By Grace Jones | posted on November 11, 2017
WHENEVER there is a forecast for a good easterly in Albany, windsurfer Joseph Presti knocks off work and makes the 400km journey south from Perth to what he describes as one of the best stretches of water for his beloved sport.
Presti has been windsurfing for the past 34 years and said the flat water at the south-western end of Albany’s Princess Royal Harbour along Frenchman Bay Road’s “smelly mile” was his first choice.
“It has the most consistent winds and flat water in the state,” he said.
“It’s more than worth driving the 800km round trip when the wind is right.
“I’ve got a friend from Cairns that says it’s his favorite spot. He broke two of his personal records there last year.
“I drive to Shark Bay and the Peel Inlet at Mandurah as well, but Albany is worth taking the time off work to wind surf on.”
On a good day, the windsurfers can nearly keep up with the cars on the road adjacent to the harbour that are clocking 80mkh.
Eleven years ago, Presti came up with the idea to change individual-based sport for Australians into a community-based challenge.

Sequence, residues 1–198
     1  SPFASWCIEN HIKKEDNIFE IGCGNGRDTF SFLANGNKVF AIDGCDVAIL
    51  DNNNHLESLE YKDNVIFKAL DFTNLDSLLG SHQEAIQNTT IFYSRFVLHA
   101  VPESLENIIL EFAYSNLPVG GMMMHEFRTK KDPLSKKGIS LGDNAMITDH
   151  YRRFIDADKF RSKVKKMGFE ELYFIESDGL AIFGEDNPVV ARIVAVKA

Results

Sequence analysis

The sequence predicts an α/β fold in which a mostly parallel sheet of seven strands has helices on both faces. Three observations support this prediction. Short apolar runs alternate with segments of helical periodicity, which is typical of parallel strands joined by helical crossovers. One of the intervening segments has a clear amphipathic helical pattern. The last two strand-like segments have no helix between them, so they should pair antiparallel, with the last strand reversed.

“After chatting with a few friends who were windsurfers, I decided to put it to the community if they were interested in an annual windsurfing competition,” he said.
“It pretty much went from there and is now also an international competition that people enter. Last year’s international winner was a team from Belgium.”
The GPS Team Challenge consists of solo and team competitors wearing a GPS during a wind-surfing session and uploading the data to the team challenge website.
“The GPS records everything we do on the water, from our average speed we track in an hour to the average speed we cover in a nautical mile,” Presti said.
“We upload the data, which gets converted into points that ranks us for the competition.”
While four seasonal trophies are up for grabs as well as a perpetual trophy for the end of the year, Presti said most windsurfers are only after one thing.
“It’s all for the glory and bragging rights,” he said.
“My team ‘Mandurah Mob’ has won each of the seasonal trophies this year, the first time ever as well.
“While it’s great we won them all, and will probably win overall for the year, the fact that we did it and made GPS Team Challenge history is more impressive.”
Presti said it’s not too late for local windsurfers to join the Mandurah Mob for the challenge, or to create their own team.
“We’ve got 28 members in our team. Four are from Albany, in fact,” he said.
“We always welcome new members. We’ve got a great community in our team.
“You don’t need to be competitive to join. We’ve got members that windsurf just for the fun of it.”
For more information on the GPS Team Challenge you can visit their website www.gpsteamchallenge.com.au.